The War in Chechnya in Russian Cinematographic Representations

Biopolitical Patriotism in “Unsovereign” Times

In: Transcultural Studies

The paper explores the identitarian context of Russia’s cinematic narratives on the war in Chechnya. It draws on various strategies of war representation through films and uncovers their ideological and political underpinnings. The author explicates how the cinematographic imagery grounded in the Chechen war experience boosts the hegemonic discourse of the Kremlin, and then discusses whether fictional films deliver critical or counter-hegemonic arguments.

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  • 1

    B. O’Loughlin‘Images as weapons of war: representation, mediation and interpretation’Review of International Studies37 (2011): 71–91.

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    • Export Citation
  • 2

    S. Zizek‘The lessons of Ranciere’ in The Politics of Aesthetics. Jacques Ranciere ed. (London and New York: Continuum2004) 76–77.

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    • Export Citation
  • 4

    D. Campbell‘Cultural governance and pictorial resistance: reflections on the imaging of war’Review of International Studies 29 (2003): 72.

    • Search Google Scholar
    • Export Citation
  • 6

    F. Moeller‘The looking / not looking dilemma’Review of International Studies 35 (2009): 783.

  • 10

    A. Kangas‘From interfaces to interpretants: a pragmatic exploration into popular culture as international relations’Millenium: Journal of International Studies 38(2) (2009): 322.

    • Search Google Scholar
    • Export Citation
  • 13

    J. Joseph‘Governmentality of what? Populations, states and international organizations’Global Society 23(4) (2009): 424.

  • 14

    M. Dillon and L. Lobo-Guerrero‘Biopolitics of security in the 21st century: an introduction’Review of International Studies 34 (2008): 274.

    • Search Google Scholar
    • Export Citation
  • 15

    B. Singer and L. Weir‘Politics and sovereign power: considerations on Foucault’European Journal of Social Theory 9(4) (2006): 458.

    • Search Google Scholar
    • Export Citation
  • 16

    N. Widder‘Foucault and power revisited’European Journal of Political Theory 1(4) (2004): 422.

  • 18

    P. Fitzpatrick‘Bare sovereignty: Homo Sacer and the insistence of Law’ in Politics Metaphysics and Death: Essays on Giorgio Agamben’s Homo SacerA. Norris ed. (Durham, North Carolina: Duke University Press2005) 49–73.

    • Search Google Scholar
    • Export Citation
  • 19

    N. Vaughan-Williams‘The generalized bio-political border? Re-conceptualising the limits of sovereign power’Review of International Studies 35 (2009): 737.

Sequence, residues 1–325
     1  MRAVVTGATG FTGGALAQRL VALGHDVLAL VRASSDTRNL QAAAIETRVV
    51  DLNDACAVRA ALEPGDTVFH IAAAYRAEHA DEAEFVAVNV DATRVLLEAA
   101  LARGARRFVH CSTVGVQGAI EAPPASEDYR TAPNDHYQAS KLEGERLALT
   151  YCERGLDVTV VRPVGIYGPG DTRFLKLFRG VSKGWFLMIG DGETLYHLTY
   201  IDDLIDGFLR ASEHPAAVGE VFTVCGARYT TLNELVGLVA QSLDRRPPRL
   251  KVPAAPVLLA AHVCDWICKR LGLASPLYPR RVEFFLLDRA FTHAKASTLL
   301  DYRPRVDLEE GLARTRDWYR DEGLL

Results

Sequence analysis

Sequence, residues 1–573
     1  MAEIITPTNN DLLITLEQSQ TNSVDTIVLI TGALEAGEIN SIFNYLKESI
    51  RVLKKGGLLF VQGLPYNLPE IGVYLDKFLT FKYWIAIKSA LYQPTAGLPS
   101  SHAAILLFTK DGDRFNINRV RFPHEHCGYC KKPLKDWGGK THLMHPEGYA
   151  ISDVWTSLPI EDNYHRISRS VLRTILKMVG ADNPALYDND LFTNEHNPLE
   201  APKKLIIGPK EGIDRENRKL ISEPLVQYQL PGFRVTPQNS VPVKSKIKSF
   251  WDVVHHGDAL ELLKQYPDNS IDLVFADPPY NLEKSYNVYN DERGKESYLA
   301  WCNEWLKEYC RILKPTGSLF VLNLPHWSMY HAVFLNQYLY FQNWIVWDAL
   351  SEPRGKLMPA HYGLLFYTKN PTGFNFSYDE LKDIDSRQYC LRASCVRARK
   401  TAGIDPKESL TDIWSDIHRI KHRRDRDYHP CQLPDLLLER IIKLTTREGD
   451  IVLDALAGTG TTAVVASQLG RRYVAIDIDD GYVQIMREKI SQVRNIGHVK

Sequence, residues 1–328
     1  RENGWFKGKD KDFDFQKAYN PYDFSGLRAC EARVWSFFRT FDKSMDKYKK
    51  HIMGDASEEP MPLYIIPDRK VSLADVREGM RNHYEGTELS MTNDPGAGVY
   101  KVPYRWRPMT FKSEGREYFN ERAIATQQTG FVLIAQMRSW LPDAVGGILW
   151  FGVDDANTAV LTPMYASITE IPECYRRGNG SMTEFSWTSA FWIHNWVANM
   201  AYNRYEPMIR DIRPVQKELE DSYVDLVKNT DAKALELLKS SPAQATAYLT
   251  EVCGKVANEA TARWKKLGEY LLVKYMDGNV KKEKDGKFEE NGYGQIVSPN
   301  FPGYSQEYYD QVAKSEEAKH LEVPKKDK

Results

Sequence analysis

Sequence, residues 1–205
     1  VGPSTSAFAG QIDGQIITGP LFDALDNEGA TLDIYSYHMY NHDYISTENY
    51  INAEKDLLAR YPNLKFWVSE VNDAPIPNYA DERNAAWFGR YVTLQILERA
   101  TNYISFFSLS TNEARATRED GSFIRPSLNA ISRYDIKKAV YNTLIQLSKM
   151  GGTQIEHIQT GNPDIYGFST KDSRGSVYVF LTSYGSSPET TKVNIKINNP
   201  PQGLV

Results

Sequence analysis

• Search Google Scholar
    • Export Citation
  • 20

    J. OksalaFoucault Politics and Violence (Evanston, Illinois: Northwestern University Press2012).

  • 22

    C. Aradau‘What is left of biopolitics?’ Radical Philosophy: Philosophical Journal of the Independent LeftMay-June (2012) http://www.radicalphilosophy.com/reviews/individual-reviews/whats-left-of-biopolitics. (Accessed 20 April 2016.).

    • Search Google Scholar
    • Export Citation
  • 23

    Jabri 2006830.

  • 24

    O. Riabov and T. Riabova“The remasculinization of Russia? Gender, nationalism, and the legitimation of power under Vladimir Putin”Problems of Post-Communism 61(2) (2014): 23–35.

    • Search Google Scholar
    • Export Citation
  • 26

    J. Oksala‘Violence and the biopolitics of modernity’Foucault Studies 10 (2010): 29–30.

  • 28

    D. Gillespie‘Defense of the realm: the ‘new’ Russian patriotism on screen’The Journal of Power Institutions in Post-Soviet Societies 3 (2005).

    • Search Google Scholar
    • Export Citation
  • 31

    A. Morozov‘Sem’ novostei rossiiskoi vnutrennei politiki: kak umiraet politicheskoe’Slon10 October 2013 http://vpratus.livejournal.com/8026.html. (Accessed 20 April 2016.).

    • Search Google Scholar
    • Export Citation
  • 32

    E. Vogt“S/Citing the Camp” in Politics. Metaphysics and Death. Essays on Giorgio Agamben’s Homo Sacer. Andrew Norris ed. (Durham: Duke University Press2005) 74–106.

    • Search Google Scholar
    • Export Citation
  • 33

    G. Kateb GeorgePatriotism and Other Mistakes (New Haven and London: Yale University Press2006) 8.

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